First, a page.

Corhampton’s Scott Gregory made England international Nick Marsh fight all way before he was crowned England Amateur Champion at Saunton.

He resisted Gregory’s battling qualities to take the title 2&1 on a blustery afternoon on the north Devon links, dubbed the best course never to have hosted the Open Championship.

The 19-year-old from Yorkshire was, for many, the favourite to lift the championship, and he was never behind for the 35 holes played.

But he was made to battle it out in front of a large and appreciative crowd before landing the biggest prize in English amateur golf.

The end came on the long 186-yard par three 17th when, with Marsh needing just a half, Gregory conceded after his chip from the left ran 45 feet across the green before hitting the cup, and spinning out, while Marsh left his birdie putt close.

Gregory, just a month younger than Marsh, began the week well down the amateur ranking. But he has put himself on the national golfing map with what he has achieved and seems set for greater things.

“I’m very happy for what I have done this week,” he said. “I kept fighting back all day. I’ll never give up but Nick played really well, he’s a great champion and it was a pleasure playing with him.

“I expect most people expected him to win but I gave it my best shot and I’m happy with the way I performed.

“The final showed I can play well under pressure and now I’ve got to push on to be one of the best in the country.”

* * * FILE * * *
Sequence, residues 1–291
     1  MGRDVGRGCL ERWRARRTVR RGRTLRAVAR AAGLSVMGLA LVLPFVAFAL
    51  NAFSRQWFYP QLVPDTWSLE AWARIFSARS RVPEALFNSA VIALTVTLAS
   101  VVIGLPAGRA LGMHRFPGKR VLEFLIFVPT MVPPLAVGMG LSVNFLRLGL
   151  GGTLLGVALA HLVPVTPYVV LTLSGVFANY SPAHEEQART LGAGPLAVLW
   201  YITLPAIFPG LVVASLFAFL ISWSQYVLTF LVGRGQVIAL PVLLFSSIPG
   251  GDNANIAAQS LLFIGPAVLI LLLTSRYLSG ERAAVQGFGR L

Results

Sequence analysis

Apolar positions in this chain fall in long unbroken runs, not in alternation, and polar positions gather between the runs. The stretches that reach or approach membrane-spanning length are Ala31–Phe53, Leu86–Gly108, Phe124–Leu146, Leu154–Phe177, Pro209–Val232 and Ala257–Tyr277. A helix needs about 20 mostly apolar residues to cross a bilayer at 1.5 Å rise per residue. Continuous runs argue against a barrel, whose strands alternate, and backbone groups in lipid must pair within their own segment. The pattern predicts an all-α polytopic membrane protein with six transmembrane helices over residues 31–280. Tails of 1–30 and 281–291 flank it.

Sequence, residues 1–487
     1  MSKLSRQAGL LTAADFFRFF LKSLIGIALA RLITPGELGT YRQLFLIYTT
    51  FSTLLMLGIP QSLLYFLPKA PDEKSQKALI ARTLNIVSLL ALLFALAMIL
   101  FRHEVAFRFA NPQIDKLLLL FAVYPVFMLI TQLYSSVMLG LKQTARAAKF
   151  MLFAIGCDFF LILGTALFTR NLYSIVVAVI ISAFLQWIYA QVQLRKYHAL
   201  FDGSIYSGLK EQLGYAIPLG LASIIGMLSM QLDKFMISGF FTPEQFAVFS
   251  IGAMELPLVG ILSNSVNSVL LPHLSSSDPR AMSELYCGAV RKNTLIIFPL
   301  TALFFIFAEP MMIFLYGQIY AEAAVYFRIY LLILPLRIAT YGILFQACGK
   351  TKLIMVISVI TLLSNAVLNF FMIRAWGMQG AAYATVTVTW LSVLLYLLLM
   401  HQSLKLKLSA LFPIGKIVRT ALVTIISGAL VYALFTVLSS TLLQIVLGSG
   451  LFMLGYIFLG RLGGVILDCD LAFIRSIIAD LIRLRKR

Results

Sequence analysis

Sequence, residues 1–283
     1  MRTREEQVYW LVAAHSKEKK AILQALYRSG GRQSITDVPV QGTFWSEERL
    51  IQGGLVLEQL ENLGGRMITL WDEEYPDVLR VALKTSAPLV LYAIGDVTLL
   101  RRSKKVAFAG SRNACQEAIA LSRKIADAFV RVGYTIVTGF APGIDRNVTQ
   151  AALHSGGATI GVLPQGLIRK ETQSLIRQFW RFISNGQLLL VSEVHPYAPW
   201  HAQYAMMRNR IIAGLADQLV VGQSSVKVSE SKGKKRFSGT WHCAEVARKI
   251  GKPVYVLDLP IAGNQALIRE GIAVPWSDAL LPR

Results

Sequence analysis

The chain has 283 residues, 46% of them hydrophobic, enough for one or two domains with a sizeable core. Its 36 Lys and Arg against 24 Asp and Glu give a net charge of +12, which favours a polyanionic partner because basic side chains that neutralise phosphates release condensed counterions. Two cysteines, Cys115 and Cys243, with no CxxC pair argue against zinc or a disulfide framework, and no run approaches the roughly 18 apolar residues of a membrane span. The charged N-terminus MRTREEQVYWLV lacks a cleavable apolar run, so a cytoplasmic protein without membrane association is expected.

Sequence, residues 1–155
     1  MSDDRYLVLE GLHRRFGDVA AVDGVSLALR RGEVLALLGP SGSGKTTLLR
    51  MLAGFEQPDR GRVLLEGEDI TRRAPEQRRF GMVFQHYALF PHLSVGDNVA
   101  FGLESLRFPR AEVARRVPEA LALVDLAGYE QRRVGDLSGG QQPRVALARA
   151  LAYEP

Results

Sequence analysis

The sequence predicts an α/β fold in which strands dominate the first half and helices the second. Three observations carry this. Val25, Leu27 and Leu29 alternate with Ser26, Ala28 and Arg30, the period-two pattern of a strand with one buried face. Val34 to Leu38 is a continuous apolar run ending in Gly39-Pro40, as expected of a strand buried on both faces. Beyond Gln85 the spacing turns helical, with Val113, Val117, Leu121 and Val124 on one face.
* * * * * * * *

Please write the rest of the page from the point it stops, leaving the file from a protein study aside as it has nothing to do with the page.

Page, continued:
One up at lunch, when he probably might have been further ahead after missing two short putts on the 15th and 17th, Marsh pushed on in the afternoon, winning three holes in four from the second where he chipped-in for an eagle-three.

That run included a birdie at the fourth and at four-up he seemed to be sailing to victory.

But Gregory knew differently.

A 20-foot birdie at the sixth followed by a winning par at the next cut the deficit in half but Marsh replied with a birdie of his own at the eighth.

When Gregory airmailed the green at the par four tenth the lead was back to four but again Gregory wouldn’t lie down.

Back he came with another 20-foot birdie on 11, while a par at 12 saw Marsh’s advantage back to two.

They swapped the 13th and 14th to leave Marsh still two-up and, after halves at the 15th and 16th holes, the end came at the 186-yard 17th.

“When I went four down for the first time I knew I still had plenty of holes left. I wanted to put Nick under pressure and I did the best I could. Nick was the better player on the day and deserves the title.

“I thought my chip on 17 was in but it wasn’t to be,” said Gregory. “But I’ve had a great week. There are things I need to work on but I can go away happy with what I’ve achieved.”

“Wow, what a match,” said Marsh “It was a ping-pong tussle with both of us winning holes at different times but to get this title is unbelievable.

“At the 17th I hit the best three-iron I’ve hit all week. When Scott hit his tee shot left of the green it opened the door for me but I still had to get the job done.”